'simmonsjoe' is right about this (although coming from me that will probably tar and feather him from now on in this site). The Fifth Amendment says: "No person...shall be compelled to be a witness against himself."
Among the things it doesn't
say that it has been presumed to say, as for example in the Miranda Decision, is that no person can becompelled to give testimony against himself, or give evidence against himself, or provide damning information to the prosecution, etc., etc.
It says that no person can be compelled to act as a witnessagainst himself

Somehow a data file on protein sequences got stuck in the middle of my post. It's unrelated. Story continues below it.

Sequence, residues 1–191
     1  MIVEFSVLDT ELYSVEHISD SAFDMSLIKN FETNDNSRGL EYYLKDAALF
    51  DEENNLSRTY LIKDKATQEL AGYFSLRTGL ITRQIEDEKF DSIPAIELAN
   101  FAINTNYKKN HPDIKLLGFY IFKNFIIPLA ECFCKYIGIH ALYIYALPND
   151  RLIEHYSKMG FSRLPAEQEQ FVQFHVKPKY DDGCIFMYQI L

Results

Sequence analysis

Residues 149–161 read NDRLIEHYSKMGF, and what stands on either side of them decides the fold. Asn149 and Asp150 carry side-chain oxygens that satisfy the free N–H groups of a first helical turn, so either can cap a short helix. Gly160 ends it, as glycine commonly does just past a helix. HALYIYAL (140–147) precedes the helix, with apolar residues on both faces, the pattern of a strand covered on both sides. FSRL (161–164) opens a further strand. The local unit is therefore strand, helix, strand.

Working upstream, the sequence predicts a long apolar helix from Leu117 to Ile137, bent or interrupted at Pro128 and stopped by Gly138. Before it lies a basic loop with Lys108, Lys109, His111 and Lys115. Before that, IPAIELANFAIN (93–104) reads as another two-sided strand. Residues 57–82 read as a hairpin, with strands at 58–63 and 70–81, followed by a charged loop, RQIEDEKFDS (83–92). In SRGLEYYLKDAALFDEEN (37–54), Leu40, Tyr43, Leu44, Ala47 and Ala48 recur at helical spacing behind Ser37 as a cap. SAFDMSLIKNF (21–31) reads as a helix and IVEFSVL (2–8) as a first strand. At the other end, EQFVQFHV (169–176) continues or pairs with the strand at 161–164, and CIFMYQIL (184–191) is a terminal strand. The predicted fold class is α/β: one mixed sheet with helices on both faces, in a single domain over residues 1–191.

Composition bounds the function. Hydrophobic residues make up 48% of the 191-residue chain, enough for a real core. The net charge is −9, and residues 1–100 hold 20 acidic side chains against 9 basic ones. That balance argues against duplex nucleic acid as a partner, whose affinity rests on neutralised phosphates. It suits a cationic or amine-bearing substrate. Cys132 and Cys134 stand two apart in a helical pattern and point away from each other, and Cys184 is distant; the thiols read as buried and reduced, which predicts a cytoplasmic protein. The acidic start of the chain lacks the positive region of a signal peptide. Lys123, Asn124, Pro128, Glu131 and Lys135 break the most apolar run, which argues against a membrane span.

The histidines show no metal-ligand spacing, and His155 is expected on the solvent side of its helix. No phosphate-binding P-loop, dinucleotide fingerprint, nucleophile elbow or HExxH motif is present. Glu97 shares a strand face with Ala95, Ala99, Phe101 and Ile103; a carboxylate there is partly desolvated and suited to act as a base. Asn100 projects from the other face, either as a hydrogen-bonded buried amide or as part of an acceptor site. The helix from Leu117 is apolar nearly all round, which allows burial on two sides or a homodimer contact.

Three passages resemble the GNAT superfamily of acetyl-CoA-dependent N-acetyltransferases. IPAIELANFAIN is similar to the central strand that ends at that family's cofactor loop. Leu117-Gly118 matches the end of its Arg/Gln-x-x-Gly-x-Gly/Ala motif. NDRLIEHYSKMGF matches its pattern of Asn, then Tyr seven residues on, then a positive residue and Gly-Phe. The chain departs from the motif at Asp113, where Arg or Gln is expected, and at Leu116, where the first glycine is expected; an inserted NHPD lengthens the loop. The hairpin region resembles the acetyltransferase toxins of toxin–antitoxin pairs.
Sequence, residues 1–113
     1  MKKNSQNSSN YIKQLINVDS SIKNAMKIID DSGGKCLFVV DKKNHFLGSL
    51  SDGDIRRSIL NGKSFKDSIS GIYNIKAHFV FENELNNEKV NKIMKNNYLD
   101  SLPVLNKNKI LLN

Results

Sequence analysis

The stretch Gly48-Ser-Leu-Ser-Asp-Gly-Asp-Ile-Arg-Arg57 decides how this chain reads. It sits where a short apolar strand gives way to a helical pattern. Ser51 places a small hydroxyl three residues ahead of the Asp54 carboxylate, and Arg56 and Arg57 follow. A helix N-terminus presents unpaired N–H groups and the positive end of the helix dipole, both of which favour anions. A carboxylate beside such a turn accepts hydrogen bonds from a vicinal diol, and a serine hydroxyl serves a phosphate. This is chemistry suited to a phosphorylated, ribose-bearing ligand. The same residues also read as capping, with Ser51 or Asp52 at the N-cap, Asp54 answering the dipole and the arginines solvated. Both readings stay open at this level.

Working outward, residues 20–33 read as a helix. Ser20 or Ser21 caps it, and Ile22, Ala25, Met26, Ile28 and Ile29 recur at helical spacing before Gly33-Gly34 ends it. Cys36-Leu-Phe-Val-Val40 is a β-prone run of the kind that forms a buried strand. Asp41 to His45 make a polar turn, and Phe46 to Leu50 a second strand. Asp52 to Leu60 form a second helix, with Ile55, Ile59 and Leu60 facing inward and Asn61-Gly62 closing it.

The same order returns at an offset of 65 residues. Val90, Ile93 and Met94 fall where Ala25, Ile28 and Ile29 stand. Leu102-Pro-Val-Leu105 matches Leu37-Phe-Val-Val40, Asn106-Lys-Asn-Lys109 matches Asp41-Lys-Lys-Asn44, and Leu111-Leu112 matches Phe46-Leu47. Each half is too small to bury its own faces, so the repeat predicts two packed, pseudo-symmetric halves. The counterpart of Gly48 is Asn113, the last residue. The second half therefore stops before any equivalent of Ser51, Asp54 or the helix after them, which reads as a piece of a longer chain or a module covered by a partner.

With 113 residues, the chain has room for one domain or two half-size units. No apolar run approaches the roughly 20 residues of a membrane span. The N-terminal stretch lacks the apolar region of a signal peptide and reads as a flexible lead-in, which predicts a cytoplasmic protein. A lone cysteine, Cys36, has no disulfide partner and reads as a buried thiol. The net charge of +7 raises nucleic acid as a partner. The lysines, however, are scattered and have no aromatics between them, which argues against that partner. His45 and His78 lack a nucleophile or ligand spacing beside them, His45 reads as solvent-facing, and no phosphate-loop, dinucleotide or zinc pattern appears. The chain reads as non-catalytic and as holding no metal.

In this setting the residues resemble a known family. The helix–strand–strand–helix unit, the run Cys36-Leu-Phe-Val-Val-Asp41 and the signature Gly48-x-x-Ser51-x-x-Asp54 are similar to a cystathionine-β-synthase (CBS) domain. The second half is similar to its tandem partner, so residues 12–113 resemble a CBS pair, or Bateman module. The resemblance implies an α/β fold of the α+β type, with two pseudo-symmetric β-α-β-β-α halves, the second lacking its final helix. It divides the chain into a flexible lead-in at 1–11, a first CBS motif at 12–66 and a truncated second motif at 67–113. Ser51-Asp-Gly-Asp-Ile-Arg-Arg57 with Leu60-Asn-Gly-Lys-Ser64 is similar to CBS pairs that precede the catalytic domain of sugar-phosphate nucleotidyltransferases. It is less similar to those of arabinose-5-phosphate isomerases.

in any form or fashion. The merepresence of a person brought before an inquisition of any kind intended extract incriminating information from him violates the Fifth Amendment.
The Jewish Law, The Halakha, prohibits the use of any such information obtained from the accused in a trial whether obtain voluntarily on his part or not. The Halakha recognizes that people are sometimes self destructive and actagainst their own interests. Their law is meant to protect peoplefrom their ownself-destructiveness. And that is what the Fifth Amendment intendedto do, but has thus far failed to do as a result of contary precedents down through the years.
Think ofit this way: If all the Fifth Amendment was meant to do (in it's relevant parts)was to protect the guilty
from acknowledging their guilt under oath, it isn't much of a protection is it? Why even bother with it?